When I blogged last week about TV host Guiliana Rancic’s breast cancer diagnosis in between rounds of in vitro fertilization, I asked a leading fertility specialist if Rancic’s cancer could have been caused by the IVF. Dr. Eric Widra, affiliated with the American Society of Reproductive Medicine, told me there’s no evidence to suggest that the procedure or the hormones given before—to stimulate ovaries to produce multiple egg-containing follicles—increases the risk of breast cancer.
What about ovarian cancer? I asked. On that one Widra hedged and said studies weren’t definitive to ascertain either way whether infertility procedures increased the risk of ovarian cancer; that’s because infertile women in general have a slightly higher risk of ovarian cancer compared to women who go through pregnancy and childbirth, so it’s tough to determine whether it’s the infertility or the procedure to overcome it that raises her risk.
But in a new Dutch study, researchers attempted to answer that question comparing ovarian cancer rates in nearly 20,000 women who received IVF with about 6,000 infertile women who had not. Those who had IVF had about double the likelihood of being diagnosed with ovarian cancer compared to those who didn’t over the course of the 15-year study which was published in the journal Human Reproduction.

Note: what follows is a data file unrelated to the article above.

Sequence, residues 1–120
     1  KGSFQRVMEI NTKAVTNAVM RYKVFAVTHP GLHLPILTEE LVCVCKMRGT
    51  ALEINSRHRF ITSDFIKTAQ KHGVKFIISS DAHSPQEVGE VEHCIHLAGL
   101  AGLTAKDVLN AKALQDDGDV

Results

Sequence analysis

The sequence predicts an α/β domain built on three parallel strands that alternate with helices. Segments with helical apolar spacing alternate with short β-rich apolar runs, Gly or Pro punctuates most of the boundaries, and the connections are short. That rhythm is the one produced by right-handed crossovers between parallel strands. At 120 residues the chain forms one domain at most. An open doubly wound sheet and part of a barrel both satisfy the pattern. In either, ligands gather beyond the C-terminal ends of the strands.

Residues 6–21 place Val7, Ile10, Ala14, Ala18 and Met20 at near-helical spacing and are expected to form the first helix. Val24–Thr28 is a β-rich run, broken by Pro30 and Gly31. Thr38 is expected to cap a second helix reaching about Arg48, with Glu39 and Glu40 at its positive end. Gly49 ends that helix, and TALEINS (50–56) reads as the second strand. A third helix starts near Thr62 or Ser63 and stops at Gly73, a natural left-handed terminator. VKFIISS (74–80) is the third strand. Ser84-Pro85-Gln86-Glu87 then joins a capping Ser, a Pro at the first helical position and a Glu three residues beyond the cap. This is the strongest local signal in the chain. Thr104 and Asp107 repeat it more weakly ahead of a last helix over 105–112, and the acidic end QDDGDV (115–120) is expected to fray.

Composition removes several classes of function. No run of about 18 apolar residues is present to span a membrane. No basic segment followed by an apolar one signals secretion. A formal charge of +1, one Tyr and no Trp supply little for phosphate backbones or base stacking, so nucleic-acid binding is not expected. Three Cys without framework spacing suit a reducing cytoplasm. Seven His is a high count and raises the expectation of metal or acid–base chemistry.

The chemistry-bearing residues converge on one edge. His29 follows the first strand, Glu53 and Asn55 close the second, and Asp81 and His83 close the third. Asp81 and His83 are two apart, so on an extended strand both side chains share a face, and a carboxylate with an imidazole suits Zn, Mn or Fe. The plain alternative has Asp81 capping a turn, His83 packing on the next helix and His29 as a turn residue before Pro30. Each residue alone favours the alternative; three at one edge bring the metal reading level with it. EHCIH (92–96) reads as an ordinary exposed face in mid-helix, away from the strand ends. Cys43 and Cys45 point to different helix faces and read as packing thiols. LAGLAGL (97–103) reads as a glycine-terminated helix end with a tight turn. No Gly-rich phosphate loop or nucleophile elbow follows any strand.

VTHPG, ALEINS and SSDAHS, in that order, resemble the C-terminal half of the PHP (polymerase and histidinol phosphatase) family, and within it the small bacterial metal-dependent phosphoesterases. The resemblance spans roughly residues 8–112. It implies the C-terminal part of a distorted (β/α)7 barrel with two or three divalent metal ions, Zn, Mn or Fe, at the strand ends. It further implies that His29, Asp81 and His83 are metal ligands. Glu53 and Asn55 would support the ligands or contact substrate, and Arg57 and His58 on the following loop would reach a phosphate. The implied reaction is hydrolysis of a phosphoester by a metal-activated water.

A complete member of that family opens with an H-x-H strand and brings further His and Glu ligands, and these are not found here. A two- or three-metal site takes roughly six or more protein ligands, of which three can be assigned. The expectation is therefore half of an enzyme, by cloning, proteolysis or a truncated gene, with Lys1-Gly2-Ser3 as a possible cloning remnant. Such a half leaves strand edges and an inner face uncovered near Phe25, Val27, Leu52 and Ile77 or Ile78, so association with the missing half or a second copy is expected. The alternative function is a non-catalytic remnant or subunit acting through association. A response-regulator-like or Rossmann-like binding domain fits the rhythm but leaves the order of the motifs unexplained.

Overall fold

Most of the tumors detected, though, were “borderline” ovarian tumors that required surgery to remove the ovary but usually weren’t life threatening. The researchers also found that the increase in risk wasn’t dependent upon the number of IVF cycles women received or the dose of follicle stimulating hormones they were given.
I asked Widra for his thoughts on the study, and he said it shouldn’t deter women from having IVF, nor does it mean they should be more closely monitored for ovarian cancer. (There’s, unfortunately, no reliable screening test for the cancer; ultrasound and a blood test to measure the marker CA-125 haven’t been shown to save lives.)
Widra pointed out that the absolute risk of getting diagnosed with an ovarian tumor was very small: 0.71 percent for women who had IVF and 0.45 percent for those who didn’t. What’s more, the study doesn’t prove that IVF led to the extra cancers since it merely compared women who chose to have IVF against those who chose not too.
Some other factor could have accounted for the difference—especially since the risk didn’t continue to rise in those who had higher hormone doses on each attempt or who had IVF five or more times.
But Widra isn’t ready to dismiss the association between IVF and ovarian cancer either. In an email he wrote, “We must remain watchful for long-term consequences of all medical treatments, including IVF.”